He’s 3-3 in his UFC career and it’s obvious he thinks that much of his struggles can be tied to the fact he didn’t know how to adapt to the stark differences between Japan and the Western culture.
Something as simple as getting a good night’s sleep 72 or 48 hours before his fights has suddenly become a challenge.
It’s not anything most of us think about. When you’re out on the town, you’re there to have a good time and forget your troubles. But Filipovic is a professional athlete who takes his job very seriously. And he can’t prepare by partying late into the night. Yet, he’s had to learn to adapt to staying nearby to those who relish that very prospect.
“In Japan, it just wasn’t like this,” Filipovic said. “In Japan, I just came, the driver picked me up at the airport. I always stayed in the same hotel. I was the only fighter there. Here, we are meeting our opponents, [other] fighters. People don’t really know the level of disruption. There are parties during the night that wake you up. There are maybe 3-4 fighters plus their corner men, and they’re doing madness during the night. That makes you nervous. I didn’t have any of that before in Japan. I had my peace. I just don’t like it.”
He’s adapted, he says, because, “I don’t want to be a black sheep among all the fighters.” He’s changed his team and bought a cage. He’s made a commitment to being in top physical condition.
Filipovic snarled when it was suggested that, at 35, he’s hit the downside of his career. He spoke of his ability to recover from a hard training session and to be ready to work hard again the next day. He’s annoyed by the opinion of what he termed the “so-called experts” who no longer rank him among the top three heavyweights in the world.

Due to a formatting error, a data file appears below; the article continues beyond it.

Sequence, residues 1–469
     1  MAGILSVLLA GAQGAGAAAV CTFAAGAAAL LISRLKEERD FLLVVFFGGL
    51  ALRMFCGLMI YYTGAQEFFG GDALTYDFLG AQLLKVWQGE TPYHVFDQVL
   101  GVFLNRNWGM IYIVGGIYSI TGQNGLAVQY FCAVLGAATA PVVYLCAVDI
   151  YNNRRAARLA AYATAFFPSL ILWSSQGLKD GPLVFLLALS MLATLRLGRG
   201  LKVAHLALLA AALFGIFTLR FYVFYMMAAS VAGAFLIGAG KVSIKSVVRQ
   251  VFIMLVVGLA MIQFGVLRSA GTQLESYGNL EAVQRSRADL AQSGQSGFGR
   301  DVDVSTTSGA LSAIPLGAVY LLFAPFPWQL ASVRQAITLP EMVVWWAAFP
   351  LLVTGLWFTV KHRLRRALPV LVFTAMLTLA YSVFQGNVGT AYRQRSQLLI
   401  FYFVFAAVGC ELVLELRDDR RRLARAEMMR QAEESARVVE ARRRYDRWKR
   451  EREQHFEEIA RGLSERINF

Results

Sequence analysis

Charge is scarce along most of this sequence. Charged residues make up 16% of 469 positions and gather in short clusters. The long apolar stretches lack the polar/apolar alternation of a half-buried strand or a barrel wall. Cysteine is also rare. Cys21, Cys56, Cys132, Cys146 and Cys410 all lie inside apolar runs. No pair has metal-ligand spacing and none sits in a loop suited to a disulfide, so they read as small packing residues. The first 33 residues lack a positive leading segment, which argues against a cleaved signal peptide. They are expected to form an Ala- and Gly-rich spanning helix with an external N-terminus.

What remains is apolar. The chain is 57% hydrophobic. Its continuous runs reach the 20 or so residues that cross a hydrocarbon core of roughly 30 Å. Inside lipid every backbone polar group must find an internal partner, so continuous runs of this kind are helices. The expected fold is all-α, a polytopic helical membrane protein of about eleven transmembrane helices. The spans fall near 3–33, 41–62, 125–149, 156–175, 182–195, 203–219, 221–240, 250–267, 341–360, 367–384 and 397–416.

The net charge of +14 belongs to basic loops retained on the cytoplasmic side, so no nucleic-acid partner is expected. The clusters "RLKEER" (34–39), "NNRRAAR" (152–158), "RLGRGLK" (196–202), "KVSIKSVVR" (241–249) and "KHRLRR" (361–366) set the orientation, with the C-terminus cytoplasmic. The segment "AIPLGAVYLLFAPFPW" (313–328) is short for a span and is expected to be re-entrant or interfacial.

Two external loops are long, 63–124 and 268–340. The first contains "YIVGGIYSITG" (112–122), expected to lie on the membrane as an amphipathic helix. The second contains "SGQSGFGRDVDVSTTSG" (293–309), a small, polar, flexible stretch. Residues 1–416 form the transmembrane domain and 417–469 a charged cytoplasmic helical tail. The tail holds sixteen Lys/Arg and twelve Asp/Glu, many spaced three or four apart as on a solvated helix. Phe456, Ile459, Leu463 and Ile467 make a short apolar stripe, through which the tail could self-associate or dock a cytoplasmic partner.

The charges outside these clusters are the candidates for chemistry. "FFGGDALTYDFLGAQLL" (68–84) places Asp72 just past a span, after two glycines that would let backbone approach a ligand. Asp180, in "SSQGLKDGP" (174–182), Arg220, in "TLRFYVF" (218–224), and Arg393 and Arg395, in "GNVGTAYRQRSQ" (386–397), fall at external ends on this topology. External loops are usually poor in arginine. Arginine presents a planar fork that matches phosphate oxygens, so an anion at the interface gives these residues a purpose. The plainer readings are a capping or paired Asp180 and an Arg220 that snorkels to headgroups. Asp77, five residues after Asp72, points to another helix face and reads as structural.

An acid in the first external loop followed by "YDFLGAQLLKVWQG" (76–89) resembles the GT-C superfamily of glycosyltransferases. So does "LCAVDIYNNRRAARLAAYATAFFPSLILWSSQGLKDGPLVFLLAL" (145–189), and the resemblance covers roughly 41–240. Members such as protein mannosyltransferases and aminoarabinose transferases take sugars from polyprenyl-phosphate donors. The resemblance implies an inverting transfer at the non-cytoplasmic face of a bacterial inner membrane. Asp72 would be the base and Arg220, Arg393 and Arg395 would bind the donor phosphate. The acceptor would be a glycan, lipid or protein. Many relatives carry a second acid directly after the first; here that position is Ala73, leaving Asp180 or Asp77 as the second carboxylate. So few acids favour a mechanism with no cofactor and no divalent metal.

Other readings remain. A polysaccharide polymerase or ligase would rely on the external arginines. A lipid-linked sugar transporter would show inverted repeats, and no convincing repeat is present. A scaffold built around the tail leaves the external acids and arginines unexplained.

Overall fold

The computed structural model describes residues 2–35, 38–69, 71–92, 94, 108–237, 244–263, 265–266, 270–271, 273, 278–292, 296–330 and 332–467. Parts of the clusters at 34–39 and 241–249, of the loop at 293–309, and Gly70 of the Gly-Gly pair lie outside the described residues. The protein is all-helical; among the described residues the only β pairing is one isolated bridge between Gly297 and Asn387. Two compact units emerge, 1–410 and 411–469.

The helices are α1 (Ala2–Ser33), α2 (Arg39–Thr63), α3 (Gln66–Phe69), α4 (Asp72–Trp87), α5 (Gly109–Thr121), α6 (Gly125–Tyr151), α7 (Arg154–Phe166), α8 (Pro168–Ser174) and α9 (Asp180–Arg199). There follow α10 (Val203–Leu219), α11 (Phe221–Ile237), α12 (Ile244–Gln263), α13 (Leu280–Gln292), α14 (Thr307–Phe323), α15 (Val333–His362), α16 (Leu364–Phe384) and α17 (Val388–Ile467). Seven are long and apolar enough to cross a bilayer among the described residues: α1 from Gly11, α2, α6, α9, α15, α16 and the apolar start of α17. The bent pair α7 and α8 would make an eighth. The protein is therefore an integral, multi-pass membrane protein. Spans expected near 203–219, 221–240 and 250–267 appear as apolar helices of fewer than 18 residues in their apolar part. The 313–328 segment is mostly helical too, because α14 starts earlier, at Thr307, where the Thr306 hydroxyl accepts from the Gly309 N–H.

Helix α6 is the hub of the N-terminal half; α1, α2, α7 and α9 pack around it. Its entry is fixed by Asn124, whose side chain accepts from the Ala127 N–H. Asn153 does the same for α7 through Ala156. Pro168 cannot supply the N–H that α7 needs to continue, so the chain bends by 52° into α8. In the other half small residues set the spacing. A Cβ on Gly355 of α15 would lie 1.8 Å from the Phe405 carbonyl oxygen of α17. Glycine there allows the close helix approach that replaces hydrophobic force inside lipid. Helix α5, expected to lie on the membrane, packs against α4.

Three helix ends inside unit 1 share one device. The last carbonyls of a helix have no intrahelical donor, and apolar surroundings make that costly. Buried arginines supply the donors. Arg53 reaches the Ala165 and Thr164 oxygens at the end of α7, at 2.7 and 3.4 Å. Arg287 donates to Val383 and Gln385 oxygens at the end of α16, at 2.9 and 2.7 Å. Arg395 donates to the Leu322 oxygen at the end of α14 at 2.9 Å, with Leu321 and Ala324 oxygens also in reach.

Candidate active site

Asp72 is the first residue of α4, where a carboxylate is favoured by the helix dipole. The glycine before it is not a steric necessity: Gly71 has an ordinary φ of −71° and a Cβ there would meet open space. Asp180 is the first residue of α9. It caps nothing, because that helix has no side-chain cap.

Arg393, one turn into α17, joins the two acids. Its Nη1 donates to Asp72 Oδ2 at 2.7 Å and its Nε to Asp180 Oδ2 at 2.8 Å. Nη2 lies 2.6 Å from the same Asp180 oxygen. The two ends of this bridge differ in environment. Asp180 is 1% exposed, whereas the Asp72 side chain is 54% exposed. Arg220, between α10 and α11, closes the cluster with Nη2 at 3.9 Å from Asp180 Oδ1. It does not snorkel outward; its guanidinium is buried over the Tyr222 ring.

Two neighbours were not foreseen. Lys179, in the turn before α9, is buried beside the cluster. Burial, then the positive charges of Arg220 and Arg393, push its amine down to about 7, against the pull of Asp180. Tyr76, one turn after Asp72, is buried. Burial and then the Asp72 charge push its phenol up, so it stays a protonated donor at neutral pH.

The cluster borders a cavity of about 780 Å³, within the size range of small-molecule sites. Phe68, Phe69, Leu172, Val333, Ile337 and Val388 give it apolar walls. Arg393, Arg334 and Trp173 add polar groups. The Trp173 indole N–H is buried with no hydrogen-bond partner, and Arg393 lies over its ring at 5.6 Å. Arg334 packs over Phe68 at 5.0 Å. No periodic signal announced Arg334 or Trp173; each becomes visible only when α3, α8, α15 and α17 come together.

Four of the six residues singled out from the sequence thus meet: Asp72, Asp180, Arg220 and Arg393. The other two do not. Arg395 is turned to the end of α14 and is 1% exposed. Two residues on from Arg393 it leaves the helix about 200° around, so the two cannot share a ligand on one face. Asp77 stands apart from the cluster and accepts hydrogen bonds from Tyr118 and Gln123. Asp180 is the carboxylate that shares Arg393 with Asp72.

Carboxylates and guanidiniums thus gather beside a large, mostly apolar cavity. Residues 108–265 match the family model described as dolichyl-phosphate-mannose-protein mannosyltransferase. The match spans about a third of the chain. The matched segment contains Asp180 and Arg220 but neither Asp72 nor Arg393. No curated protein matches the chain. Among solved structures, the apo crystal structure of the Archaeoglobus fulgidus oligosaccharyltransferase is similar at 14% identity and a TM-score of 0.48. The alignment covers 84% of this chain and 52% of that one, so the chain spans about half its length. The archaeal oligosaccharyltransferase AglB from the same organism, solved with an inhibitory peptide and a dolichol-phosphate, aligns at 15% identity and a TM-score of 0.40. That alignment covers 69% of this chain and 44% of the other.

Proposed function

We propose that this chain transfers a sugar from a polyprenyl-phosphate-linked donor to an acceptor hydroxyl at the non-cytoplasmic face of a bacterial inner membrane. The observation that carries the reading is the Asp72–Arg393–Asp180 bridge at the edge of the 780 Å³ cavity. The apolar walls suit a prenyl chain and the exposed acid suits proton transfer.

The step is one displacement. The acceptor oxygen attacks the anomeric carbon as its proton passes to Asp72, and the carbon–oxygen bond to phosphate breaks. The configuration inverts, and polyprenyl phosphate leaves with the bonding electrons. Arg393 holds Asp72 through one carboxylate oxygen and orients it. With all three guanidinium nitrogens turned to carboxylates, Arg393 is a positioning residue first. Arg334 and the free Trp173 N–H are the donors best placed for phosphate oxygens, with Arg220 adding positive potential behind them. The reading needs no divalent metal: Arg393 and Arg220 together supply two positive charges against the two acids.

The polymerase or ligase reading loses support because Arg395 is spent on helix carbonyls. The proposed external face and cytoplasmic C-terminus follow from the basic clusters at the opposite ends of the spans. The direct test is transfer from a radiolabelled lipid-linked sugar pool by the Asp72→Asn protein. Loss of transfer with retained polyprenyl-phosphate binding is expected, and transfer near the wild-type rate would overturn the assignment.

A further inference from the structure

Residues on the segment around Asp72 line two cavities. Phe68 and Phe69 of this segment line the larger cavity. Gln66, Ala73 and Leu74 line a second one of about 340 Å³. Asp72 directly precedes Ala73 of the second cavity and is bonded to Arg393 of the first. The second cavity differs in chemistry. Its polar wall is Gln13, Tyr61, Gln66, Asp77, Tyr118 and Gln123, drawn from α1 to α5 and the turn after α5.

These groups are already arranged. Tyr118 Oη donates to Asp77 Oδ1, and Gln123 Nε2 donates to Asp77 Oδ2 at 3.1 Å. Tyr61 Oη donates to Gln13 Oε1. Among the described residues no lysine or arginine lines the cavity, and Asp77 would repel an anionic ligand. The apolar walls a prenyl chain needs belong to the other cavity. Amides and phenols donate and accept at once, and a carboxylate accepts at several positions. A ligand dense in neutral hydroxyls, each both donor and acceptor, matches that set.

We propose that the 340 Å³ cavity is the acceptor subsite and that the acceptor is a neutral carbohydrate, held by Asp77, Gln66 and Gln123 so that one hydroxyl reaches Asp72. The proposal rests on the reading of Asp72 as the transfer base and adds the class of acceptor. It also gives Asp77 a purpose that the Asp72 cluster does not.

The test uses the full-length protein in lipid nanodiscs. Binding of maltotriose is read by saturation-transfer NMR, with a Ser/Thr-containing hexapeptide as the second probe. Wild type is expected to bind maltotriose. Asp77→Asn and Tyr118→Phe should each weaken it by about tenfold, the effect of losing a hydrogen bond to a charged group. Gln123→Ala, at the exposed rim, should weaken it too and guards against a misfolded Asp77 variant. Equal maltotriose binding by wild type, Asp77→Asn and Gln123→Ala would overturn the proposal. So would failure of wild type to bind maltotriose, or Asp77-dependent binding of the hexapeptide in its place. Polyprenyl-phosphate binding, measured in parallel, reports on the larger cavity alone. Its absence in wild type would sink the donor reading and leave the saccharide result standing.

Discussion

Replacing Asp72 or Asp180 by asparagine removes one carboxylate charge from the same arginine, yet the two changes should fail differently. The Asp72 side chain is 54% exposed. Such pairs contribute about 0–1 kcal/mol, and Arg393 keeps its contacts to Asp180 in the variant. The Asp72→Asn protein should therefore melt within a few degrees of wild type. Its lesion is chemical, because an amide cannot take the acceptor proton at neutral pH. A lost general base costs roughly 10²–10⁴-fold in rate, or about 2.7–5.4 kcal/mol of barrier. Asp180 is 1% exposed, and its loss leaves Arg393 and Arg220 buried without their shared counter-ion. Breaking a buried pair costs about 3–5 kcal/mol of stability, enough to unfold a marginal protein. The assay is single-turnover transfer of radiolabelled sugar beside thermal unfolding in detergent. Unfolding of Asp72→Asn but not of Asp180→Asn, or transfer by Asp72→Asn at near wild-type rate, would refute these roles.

“When you’re considered as a top fighter in the world, always in the top three, and then some so-called expert puts you in 15th place, or No. 13 or 10th, it’s kind of an insult for me,” he said.
He won’t consider a move to light heavyweight, he said, despite the fact that he’s among the smaller heavyweight contenders and would be among the biggest and strongest at 205.
His pride won’t let him even consider the notion.
“I would feel like a coward, like I’m running away,” he said of a move to 205. “I’ve always been fighting in the heavyweight division, so why would I go there now?”
As he spoke, a UFC employee told the media Filipovic would take two more questions. Filipovic, though, beamed and shook his head no.
“I’m enjoying this, having fun,” Filipovic said, grinning.
That was about as shocking as when he was knocked out by a kick to the head from Gabriel Gonzaga at UFC 70.
It was an interview session and not a fight. He didn’t have someone trying to kick his head off, like Barry will be trying to do on Saturday.
But if Filipovic can handle his business in the cage on Saturday like he managed to handle it in front of the media hordes on Saturday, it may be time to welcome an old, familiar face be back into the championship mix.